This elastic, all-encompassing approach extends to Béhar’s design ethos, too. He doesn’t ascribe to a certain product type—instead, he dabbles, resulting in a body of work that spans domestic electronics and fashion accessories. “We get often called upon to work on game-changing projects that are hard and complex and often run counter to existing trends or ideas about what people think design can deliver,” he explains. “They bring together the notion of design excellence, quality, great function, and beauty, in addition to a surprisingly low price point or unexpected benefit.” His Ver Bien Aprender Mejor (“See Better to Learn Better”) initiative puts these principles into action. Created to improve Mexico’s national literacy rate, the nonprofit program distributes free customizable glasses to schoolchildren—and has now been adopted as a model for other countries.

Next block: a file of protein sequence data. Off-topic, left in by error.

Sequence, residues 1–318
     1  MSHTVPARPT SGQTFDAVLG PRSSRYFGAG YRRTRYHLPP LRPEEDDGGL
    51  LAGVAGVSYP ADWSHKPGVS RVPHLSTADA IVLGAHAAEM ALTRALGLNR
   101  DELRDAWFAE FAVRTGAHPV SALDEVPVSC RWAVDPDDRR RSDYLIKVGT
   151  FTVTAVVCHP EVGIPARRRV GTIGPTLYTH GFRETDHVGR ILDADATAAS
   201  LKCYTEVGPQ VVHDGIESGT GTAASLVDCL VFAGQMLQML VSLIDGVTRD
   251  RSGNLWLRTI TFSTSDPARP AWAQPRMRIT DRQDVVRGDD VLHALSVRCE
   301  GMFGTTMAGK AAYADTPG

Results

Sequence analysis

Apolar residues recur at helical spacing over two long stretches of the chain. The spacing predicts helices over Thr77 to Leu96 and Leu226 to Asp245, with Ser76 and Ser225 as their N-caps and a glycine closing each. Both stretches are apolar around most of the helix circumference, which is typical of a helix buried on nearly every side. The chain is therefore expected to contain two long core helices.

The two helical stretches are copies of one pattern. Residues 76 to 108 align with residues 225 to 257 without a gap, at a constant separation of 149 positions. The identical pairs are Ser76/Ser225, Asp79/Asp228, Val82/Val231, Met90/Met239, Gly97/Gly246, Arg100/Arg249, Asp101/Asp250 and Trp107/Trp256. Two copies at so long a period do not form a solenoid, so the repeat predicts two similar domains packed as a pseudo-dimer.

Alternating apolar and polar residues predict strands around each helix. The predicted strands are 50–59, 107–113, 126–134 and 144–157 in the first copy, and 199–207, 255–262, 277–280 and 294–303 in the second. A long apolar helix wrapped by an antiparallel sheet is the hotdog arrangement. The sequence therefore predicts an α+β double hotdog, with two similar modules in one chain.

In addition to his social efforts, Béhar takes pride in promoting sustainability through design and, in his own practice, looks for ways to decrease waste and optimize energy use. His streamlined redesign for SodaStream (an at-home sparkling water machine) implements these principles to maximize the benefits of green products. A more concrete example is perhaps the electric car charging station, GE WattStation, that he conceived. “As a designer, I am empowered to make choices about what materials and manufacturing processes I use,” Béhar says. “It becomes my duty to select choices that create the smallest carbon footprint, while still maximizing the impact of a certain design.”